After the drink fuelled violence of Smokeheads and Hit and Run’s sexy, pill-popping rough and tumble Doug Johnstone was my go-to author for manchild hijinks, but his latest novel Gone Again signals an intriguing change of focus as he shifts into the domestic sphere.
Photographer Mark Douglas is vainly trying to snap a pod of whales on Portobello beach when the school calls to tell him his wife hasn’t arrived to collect their young son Nathan. Initially it’s just a minor annoyance, nothing to worry about; Lauren’s job at an upmarket Edinburgh estate agents is demanding enough to cause these little derailments, so he picks Nathan up and takes him home, but as the afternoon draws into evening and Lauren’s phone goes unanswered Mark begins to realise something is seriously wrong.
His immediate thought isn’t murder – as you might expect in a crime novel – but that Lauren has abandoned them. She’s done it before, just after Nathan was born, suffering from crippling post natal depression, and Mark suspects that her current pregnancy may have tipped her over the edge again. As the days go by he becomes less sure of that explanation though and with the police unwilling to investigate Mark begins to delve into the parts of Lauren’s life she’s kept hidden from him. Through it all he struggles to maintain a tenuous normality for Nathan, while making it clear to the police that his own history of aggression – rearing it’s head again – has nothing do to with Lauren’s disappearance, but when his detective work sparks more violence Mark is forced to act.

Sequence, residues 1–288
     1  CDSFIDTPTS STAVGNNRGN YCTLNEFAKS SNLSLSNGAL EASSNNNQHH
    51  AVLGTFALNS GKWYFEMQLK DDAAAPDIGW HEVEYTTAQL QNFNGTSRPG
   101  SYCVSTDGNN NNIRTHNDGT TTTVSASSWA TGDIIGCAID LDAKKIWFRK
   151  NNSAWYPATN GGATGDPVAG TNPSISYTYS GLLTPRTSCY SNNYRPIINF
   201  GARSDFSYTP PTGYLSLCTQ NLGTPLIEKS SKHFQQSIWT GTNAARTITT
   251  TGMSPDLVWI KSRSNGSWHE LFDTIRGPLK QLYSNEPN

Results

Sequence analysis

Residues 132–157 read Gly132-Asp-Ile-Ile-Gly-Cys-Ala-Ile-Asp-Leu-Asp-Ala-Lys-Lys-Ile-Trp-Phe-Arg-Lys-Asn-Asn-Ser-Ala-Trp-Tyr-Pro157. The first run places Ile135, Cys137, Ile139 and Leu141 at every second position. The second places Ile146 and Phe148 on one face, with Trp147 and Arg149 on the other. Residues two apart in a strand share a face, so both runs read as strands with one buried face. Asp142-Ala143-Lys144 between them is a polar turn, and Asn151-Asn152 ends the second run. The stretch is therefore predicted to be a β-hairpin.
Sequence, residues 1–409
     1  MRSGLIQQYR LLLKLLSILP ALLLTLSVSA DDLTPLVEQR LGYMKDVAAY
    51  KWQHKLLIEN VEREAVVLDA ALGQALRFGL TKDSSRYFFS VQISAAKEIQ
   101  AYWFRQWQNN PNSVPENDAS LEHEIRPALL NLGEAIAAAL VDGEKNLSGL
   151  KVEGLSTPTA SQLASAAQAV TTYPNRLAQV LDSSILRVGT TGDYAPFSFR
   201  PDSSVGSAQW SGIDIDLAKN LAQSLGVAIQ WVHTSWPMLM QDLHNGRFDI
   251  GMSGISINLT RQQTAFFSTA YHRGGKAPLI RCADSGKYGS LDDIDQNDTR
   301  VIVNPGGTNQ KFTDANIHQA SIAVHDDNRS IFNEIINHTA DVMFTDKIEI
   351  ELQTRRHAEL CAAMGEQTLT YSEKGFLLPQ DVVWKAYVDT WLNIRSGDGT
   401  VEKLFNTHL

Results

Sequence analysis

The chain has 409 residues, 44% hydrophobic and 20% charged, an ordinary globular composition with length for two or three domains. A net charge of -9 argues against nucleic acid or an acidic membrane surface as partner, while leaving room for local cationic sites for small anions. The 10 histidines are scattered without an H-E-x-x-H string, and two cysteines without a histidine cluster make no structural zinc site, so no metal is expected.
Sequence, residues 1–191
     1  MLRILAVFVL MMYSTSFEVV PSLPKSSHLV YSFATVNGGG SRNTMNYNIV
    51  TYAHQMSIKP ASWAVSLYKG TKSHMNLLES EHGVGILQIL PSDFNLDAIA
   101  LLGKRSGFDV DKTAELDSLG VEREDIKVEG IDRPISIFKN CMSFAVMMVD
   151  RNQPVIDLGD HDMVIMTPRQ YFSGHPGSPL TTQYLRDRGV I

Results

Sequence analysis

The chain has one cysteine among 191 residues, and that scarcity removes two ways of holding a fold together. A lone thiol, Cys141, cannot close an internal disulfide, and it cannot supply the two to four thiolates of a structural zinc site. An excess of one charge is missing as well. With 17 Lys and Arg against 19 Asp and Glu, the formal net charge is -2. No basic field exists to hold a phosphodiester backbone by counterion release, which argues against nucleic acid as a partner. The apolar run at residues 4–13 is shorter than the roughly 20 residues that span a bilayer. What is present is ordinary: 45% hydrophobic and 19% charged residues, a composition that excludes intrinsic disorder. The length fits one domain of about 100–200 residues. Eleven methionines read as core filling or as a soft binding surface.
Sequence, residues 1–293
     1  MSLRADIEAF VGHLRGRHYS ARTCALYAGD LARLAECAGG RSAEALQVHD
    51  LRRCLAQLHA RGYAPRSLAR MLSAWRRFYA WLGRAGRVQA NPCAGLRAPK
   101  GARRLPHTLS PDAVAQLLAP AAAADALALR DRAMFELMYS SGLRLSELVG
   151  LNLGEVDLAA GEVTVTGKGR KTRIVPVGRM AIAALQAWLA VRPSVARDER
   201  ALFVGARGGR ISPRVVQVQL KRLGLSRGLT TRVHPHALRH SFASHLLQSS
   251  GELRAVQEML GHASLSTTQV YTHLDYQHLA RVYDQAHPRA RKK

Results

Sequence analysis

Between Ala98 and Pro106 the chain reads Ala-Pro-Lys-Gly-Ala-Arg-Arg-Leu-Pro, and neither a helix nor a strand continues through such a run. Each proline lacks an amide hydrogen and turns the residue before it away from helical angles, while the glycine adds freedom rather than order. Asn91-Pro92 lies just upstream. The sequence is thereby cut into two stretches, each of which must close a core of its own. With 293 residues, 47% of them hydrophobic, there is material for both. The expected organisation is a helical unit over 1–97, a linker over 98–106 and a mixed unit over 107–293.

The first half of the book is a heartbreaking examination of how a disappearance affects those left behind, the wild swings between hope and fear, the accusations and recriminations which get thrown around between family members, and at the core of the story is the relationship between Mark and Nathan. Closely observed, picking out the seemingly trivial routines and jokes which bond a father and son, achingly poignant in places, this is some of the best writing Johnstone has done and illustrates why he is so highly regarded. The second half of Gone Again, when the crime element of the book takes over, is more typical of his previous work, brisk, violent, whip through the pages stuff, and it builds to a perfectly satisfying end.
I must admit I was surprised at how radical a departure Gone Again was from Johnstone’s usual hard and fast crime writing but the shift towards a nuanced, slow burning psychological thriller has proved hugely successful, and I’d love to see more from him in this vein.